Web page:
We got up at 4 am and started hiking Kala Patthar at 4:30 am. Kala Patthar means "black rock". Close up the rock was actually a light colored igneous rock, but it was coated with black lichen. It took us 4 hours to climb to the top and return to Gorak Shep. I was very warmly dressed in a down parka and ski pants, glove liners and ski mittens. Still my hands and feet were cold. My water bottle partially froze.
It was so cold on top that I just took some pictures with my camera and phone, and then started down. I was only carrying a water bottle and camera, no back pack.
The sun came up as we were hiking providing ever changing displays. Back at our tea house, we ate breakfast and packed up our duffels.
We made it to Lobuche by 1 pm. I was feeling exhausted from not sleeping well and from two long hikes at high elevation. We ate some lunch and rested and then continued hiking for another hour and a half to Thukla. We were still two hours away from our planned stop for the evening in Periche. But weather was getting colder and windier so we stopped in Thukla for the night.
I'm hoping for a good night sleep. The last few nights at high elevation have been a struggle for me to sleep. Something about seeing your breathe in the room and bundling under a down bag and then putting on a heavy comforter, wearing warm clothes in the sleeping bag. I'm so looking forward to my own house, a hot shower, my own bed...
Tomorrow we continue to descend in elevation heading back to Lukla at a quicker pace than the trek to base camp.
Day 10: Thukla (15,100') to Periche (14,000') to Sumare for lunch, to Tengboche (12,800') to Phunki Thenga (10,900') by the river for the night. Hiking for 9 hours and 20 minutes for 10.5 miles. We gained 1773' and list 5600'. It was a long day but thankfully most of it was downhill.
I did sleep better last night but seemed to have developed a cold. Stuffy runny nose means breathing through my mouth which makes my throat dry and sore. Lots of people here have some variation on cough or running nose. It is very difficult to maintain any semblance of sanitation when there is no running water, no sink, and primitive toilets. The ladies in my life would not like it!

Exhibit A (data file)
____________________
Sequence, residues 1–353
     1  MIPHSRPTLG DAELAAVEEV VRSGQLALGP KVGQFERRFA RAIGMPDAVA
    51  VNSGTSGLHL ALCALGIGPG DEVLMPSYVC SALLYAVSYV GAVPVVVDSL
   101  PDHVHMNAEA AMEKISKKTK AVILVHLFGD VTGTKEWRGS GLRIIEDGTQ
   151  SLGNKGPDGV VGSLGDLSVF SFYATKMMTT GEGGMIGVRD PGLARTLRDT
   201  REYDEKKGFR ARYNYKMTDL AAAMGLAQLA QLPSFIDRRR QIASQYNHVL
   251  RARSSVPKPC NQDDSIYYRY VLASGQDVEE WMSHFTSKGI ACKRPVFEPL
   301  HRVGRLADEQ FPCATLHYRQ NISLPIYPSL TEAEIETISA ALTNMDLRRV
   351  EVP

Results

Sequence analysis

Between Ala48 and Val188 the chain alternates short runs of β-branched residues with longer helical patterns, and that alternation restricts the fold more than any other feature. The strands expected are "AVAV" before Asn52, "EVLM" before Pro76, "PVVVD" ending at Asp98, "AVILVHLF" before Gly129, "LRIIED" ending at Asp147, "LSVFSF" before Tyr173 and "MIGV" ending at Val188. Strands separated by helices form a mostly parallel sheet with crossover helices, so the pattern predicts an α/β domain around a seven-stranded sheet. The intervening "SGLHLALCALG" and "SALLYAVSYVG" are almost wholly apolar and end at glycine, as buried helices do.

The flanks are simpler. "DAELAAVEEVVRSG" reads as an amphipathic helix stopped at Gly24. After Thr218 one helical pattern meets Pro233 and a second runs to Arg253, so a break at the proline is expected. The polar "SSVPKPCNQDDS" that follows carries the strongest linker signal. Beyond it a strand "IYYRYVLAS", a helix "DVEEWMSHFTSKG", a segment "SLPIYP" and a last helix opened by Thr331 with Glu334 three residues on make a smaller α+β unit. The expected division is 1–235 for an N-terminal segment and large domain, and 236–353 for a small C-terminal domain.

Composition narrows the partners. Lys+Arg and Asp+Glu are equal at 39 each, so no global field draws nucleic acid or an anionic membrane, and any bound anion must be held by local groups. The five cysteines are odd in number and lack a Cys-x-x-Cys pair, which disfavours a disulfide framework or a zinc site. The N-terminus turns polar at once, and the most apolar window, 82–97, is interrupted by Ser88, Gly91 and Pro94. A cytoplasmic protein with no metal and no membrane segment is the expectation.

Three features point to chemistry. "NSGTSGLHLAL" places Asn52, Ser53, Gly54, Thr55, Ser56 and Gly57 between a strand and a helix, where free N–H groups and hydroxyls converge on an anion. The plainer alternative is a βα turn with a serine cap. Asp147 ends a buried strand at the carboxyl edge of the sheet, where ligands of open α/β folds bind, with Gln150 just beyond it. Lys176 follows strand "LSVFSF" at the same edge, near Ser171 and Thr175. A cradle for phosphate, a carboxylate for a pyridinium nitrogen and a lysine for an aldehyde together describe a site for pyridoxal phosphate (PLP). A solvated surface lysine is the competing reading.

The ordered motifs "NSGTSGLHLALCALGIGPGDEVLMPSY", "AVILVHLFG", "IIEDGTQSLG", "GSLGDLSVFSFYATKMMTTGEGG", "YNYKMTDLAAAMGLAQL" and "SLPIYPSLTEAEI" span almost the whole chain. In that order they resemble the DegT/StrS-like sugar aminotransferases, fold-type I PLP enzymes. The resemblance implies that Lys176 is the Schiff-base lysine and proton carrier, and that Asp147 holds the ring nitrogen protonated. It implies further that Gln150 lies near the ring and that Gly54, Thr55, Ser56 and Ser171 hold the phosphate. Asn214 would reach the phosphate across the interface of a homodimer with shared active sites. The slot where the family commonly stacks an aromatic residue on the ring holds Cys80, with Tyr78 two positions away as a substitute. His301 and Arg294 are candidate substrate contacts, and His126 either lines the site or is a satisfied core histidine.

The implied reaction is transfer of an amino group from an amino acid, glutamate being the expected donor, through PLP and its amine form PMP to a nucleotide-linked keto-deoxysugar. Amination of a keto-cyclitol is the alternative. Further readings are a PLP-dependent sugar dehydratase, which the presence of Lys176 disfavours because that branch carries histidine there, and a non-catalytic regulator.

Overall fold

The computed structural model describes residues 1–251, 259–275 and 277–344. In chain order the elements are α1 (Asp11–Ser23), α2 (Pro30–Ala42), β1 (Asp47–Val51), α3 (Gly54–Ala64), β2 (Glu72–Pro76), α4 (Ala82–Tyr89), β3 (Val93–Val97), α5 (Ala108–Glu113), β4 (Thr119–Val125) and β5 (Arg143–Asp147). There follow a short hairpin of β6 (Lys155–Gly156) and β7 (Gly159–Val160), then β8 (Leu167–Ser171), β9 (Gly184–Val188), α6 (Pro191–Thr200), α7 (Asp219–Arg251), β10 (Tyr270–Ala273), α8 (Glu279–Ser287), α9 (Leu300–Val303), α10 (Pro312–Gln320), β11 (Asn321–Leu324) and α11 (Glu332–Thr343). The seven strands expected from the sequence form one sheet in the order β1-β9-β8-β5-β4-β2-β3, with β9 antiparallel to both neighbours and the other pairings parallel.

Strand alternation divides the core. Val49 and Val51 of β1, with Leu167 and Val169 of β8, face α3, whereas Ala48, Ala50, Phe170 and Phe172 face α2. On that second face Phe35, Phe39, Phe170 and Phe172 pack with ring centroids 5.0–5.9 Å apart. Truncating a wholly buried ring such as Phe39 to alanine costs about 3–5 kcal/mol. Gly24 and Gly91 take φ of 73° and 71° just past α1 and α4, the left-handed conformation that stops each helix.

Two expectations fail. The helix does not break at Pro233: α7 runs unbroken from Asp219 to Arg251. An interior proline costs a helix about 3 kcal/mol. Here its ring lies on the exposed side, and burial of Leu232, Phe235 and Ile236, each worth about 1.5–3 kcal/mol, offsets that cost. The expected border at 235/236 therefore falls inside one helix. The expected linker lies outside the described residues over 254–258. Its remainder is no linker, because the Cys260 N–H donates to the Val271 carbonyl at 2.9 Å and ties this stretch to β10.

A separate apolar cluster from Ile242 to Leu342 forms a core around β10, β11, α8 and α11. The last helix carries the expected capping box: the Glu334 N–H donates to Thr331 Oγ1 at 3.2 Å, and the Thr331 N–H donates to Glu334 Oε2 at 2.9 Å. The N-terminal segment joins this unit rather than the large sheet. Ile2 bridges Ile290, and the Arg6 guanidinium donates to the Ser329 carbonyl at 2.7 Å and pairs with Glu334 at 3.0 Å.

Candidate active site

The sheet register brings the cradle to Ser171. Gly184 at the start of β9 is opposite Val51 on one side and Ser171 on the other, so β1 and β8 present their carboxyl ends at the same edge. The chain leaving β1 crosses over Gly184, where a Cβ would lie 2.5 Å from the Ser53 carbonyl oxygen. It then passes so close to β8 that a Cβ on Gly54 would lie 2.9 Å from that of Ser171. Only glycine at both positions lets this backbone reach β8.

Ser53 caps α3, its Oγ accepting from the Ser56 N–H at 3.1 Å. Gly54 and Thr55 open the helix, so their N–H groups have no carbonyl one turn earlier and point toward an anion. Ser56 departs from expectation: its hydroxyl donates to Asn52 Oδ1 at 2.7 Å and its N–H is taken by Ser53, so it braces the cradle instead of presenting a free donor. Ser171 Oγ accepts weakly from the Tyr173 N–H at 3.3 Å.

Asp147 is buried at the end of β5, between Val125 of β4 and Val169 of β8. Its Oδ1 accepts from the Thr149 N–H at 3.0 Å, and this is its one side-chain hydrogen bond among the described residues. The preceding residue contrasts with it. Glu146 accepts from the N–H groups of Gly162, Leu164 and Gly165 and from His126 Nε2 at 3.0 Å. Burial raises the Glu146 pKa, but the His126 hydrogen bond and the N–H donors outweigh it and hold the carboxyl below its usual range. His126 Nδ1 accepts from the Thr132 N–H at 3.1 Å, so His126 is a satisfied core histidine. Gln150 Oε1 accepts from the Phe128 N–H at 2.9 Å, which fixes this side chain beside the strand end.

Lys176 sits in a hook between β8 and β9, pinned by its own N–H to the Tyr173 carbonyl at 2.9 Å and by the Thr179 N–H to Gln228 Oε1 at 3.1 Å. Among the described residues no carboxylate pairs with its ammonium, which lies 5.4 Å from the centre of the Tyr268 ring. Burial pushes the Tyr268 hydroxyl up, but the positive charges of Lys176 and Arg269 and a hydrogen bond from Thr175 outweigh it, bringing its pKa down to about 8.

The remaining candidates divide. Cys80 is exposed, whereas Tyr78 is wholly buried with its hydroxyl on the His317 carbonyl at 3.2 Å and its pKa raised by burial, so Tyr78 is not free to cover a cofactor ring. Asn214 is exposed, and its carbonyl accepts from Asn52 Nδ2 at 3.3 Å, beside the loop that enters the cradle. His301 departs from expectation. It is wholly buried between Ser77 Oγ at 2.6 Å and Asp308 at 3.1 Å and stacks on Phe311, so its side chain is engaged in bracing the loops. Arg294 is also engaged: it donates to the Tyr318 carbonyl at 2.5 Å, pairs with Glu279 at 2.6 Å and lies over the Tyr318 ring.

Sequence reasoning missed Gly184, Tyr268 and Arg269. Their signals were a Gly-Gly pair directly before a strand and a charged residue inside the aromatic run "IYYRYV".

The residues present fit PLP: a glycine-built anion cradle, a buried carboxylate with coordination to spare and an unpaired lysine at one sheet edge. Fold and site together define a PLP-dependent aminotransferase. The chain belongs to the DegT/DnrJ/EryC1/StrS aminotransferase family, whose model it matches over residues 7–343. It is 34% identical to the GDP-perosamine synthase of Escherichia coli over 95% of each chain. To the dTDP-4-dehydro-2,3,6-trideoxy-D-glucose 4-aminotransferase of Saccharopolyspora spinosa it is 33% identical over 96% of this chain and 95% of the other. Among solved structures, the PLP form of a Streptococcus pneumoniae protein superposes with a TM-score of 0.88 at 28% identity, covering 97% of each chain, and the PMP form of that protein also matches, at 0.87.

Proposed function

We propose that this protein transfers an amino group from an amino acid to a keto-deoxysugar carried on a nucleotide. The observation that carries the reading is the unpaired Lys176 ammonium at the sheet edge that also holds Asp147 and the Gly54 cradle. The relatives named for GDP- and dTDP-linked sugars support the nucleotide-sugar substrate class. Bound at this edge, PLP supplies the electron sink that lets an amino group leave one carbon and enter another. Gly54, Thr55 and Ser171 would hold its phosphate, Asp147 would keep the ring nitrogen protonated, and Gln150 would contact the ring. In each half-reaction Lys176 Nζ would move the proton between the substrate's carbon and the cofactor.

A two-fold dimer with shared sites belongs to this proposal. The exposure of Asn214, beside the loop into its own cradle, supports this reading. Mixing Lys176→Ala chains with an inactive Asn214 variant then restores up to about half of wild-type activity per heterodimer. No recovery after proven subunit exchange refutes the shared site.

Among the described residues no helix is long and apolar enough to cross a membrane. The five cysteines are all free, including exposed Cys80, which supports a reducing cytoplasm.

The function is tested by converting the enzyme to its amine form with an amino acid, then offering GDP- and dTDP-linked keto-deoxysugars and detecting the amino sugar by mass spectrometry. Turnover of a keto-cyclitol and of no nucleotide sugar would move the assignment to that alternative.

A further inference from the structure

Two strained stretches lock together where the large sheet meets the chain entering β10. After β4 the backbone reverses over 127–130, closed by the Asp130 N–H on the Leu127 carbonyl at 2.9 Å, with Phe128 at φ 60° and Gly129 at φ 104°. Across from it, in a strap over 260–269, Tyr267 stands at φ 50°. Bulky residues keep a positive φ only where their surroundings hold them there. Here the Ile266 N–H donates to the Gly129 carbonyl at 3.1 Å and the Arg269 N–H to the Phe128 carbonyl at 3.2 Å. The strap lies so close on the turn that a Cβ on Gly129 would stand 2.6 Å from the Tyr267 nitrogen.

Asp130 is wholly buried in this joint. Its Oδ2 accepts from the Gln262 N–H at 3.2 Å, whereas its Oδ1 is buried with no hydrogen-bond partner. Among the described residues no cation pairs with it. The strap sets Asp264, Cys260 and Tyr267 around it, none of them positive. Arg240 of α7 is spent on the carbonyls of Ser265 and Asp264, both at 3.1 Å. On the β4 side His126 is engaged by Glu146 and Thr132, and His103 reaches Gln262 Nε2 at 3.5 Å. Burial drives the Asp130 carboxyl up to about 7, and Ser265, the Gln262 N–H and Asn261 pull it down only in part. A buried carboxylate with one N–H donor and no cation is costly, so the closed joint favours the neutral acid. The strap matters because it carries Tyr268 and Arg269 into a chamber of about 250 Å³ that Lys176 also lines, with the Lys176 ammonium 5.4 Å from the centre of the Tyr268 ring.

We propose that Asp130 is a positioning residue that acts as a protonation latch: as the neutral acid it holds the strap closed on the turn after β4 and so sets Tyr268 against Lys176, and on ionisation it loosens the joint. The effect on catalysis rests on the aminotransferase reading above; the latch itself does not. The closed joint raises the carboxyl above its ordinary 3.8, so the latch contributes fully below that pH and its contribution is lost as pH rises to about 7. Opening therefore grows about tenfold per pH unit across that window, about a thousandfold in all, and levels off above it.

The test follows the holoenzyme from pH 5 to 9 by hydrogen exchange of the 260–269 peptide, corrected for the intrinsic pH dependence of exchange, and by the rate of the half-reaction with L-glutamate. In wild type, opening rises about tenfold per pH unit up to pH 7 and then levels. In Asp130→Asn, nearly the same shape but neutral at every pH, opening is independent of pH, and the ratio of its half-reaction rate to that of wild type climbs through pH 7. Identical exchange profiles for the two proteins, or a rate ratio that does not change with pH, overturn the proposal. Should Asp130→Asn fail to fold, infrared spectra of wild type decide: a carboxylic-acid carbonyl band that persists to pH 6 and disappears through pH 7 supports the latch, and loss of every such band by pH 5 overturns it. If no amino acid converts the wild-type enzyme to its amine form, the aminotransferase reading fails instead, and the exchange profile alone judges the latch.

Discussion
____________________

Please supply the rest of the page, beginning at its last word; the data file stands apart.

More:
As we get closer to Namche Bazaar, conditions improve. We are one day from Namche and 3 days from the end of the trek. This update will be delayed since no internet in our tea house tonight.
Day 11 update: Phunki Thanga to Namche Bazaar to Monjo. Distance was 8.1 miles with 2200' elevation gain and 3570' elevation loss. Trip time was 7.5 hours.
If you are not a long distance backpacker, which Kent and I are not, it's really difficult to imagine getting up and hiking through rugged mountainous terrain with high altitude for 13 days, and not having a day to rest up. We did have two acclimatization days, but they were not REST days. We we're hiking higher on those days but coming back to the same camp and same elevation. Sometimes Kent and I look at each other and say: "What were we thinking?"
Kent is a great hiking partner. He's 75 years old, but strong and fit from hiking four days a week in Colorado. He's very experienced, having taught Outward Bound adventures when he was younger, working ski patrol for Arapahoe Basin ski area where his dad was on the board. We actually met a couple of Swedish men who are 70 and 68 years old that did the same trek as we did. We also met a 78 year old man who was hiking to Tengboche Monestary. Other than a few exceptions, most trekkers are much younger, probably in their 20s to 40s. We do see the occasional overweight or out of shape persons, and we wonder if they will make it.